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H.L. Mencken (1880–1956). The American Language. 1921.

Page 92

made by the simple process of back formation, as, to resurrect, to excurt, to resolute, to burgle 18 and to enthuse. 19
  Some of these inventions, after flourishing for a generation or more, were retired with blushes during the period of æsthetic consciousness following the Civil War, but a large number have survived to our own day, and are in good usage. Not even the most bilious purist would think of objecting to to affiliate, to endorse, to collide, to jeopardize, to predicate, to progress, to itemize, to resurrect or to Americanize today, and yet all of them gave grief to the judicious when they first appeared in the debates of Congress, brought there by statesmen from the backwoods. Nor to such simpler verbs of the period as to corner (i. e., the market), to boss and to lynch. 20 Nor perhaps to to boom, to boost, to kick (in the sense of to protest), to coast (on a sled), to engineer, to chink (i. e., logs), to feaze, to splurge, to bulldoze, to aggravate (in the sense of to anger), to yank and to crawfish. These verbs have entered into the very fibre of the American vulgate, and so have many nouns derived from them, e. g., boomer, boom-town, bouncer, kicker, kick, splurge, roller-coaster. A few of them, e. g., to collide and to feaze, were archaic English terms brought to new birth; a few others, e. g., to holler 21 and to muss, were obviously mere corruptions. But a good many others, e. g., to bulldoze, to hornswoggle and to scoot, were genuine inventions, and redolent of the soil.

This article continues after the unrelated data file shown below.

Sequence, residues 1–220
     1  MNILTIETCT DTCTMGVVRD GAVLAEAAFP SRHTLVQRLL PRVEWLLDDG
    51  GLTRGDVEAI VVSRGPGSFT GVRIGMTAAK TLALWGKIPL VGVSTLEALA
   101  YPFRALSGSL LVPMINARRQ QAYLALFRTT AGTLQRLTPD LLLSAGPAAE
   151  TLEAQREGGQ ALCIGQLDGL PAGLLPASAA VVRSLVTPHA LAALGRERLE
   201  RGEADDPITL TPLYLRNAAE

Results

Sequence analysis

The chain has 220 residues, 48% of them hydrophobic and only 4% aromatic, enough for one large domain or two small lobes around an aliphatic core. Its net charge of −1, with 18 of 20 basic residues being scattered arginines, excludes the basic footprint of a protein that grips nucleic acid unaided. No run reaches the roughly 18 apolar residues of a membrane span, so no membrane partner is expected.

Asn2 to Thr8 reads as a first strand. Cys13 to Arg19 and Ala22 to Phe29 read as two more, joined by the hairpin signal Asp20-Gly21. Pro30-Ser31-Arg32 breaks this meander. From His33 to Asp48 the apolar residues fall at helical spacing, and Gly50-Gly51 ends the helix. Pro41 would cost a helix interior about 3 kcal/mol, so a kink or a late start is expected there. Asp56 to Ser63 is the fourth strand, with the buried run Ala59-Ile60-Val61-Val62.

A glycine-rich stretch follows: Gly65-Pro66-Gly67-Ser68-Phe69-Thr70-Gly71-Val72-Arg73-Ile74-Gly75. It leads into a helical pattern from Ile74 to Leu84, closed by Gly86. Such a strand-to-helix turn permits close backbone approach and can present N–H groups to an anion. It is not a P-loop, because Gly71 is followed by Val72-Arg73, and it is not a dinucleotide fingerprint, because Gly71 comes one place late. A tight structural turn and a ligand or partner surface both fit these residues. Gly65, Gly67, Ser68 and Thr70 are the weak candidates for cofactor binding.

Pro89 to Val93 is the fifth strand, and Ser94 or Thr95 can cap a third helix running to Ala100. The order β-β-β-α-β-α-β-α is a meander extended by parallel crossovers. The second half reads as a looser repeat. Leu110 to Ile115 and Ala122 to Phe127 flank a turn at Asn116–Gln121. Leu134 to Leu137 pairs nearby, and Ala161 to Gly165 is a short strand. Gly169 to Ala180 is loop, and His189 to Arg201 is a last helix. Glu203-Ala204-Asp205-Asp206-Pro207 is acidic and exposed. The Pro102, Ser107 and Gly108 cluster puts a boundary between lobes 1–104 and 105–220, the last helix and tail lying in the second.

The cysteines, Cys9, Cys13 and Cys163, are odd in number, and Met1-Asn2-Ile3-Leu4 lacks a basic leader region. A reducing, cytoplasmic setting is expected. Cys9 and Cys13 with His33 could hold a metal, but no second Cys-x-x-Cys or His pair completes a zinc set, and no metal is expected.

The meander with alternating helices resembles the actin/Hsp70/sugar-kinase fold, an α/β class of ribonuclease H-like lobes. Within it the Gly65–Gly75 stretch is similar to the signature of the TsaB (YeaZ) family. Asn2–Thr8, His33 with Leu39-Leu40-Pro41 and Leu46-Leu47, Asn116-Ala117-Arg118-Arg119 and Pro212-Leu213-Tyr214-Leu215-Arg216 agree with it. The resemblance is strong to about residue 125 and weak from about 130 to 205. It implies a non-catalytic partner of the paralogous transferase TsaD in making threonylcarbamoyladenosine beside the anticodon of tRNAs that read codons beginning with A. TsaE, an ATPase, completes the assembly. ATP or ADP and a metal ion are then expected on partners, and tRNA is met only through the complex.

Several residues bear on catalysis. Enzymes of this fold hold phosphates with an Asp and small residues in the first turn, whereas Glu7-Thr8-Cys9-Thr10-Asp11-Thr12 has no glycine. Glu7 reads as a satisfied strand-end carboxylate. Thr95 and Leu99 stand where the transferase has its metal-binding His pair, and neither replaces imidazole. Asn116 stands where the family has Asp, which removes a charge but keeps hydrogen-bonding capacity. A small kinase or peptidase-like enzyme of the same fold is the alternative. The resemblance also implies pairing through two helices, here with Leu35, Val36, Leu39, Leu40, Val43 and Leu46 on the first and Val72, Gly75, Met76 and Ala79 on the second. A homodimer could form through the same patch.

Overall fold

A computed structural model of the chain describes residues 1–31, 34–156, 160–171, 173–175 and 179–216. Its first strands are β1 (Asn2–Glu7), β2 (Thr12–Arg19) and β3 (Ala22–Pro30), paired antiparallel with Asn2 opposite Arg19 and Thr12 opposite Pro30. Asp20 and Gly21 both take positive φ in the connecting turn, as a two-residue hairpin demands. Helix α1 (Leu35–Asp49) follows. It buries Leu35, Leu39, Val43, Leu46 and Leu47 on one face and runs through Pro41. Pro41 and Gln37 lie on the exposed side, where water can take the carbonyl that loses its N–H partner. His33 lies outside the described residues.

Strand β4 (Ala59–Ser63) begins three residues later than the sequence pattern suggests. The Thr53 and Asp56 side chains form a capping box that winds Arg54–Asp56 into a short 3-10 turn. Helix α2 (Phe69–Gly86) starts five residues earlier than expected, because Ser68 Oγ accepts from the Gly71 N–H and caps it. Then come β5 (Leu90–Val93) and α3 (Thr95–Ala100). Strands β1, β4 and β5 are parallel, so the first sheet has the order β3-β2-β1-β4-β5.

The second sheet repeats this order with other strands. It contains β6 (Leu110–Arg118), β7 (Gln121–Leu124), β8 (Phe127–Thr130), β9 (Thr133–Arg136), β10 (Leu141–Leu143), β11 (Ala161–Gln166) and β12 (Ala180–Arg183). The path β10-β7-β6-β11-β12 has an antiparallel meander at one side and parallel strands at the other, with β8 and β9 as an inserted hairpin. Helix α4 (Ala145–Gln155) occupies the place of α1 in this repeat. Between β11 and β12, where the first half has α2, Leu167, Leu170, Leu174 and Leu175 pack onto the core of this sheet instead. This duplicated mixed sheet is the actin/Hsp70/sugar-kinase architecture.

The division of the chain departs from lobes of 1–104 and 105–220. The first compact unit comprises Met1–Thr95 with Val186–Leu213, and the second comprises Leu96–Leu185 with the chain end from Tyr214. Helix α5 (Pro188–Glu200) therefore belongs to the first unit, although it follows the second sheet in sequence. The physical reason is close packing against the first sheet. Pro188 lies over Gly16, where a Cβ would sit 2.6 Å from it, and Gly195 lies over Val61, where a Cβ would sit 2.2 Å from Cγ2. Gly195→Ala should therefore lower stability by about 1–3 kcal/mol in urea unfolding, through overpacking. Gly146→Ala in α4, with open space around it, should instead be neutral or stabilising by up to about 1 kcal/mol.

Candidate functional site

With the new verbs came a great swarm of verb-phrases, some of